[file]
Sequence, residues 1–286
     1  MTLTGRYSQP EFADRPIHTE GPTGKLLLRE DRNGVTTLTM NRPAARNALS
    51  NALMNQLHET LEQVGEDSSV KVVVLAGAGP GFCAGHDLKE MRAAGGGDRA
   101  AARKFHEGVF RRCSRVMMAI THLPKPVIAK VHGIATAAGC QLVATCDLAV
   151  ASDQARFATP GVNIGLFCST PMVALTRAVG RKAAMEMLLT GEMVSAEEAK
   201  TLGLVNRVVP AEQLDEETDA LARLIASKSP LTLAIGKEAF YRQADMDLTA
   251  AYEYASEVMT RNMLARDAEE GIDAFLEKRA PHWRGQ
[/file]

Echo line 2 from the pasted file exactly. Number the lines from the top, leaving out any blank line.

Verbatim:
     1  MTLTGRYSQP EFADRPIHTE GPTGKLLLRE DRNGVTTLTM NRPAARNALS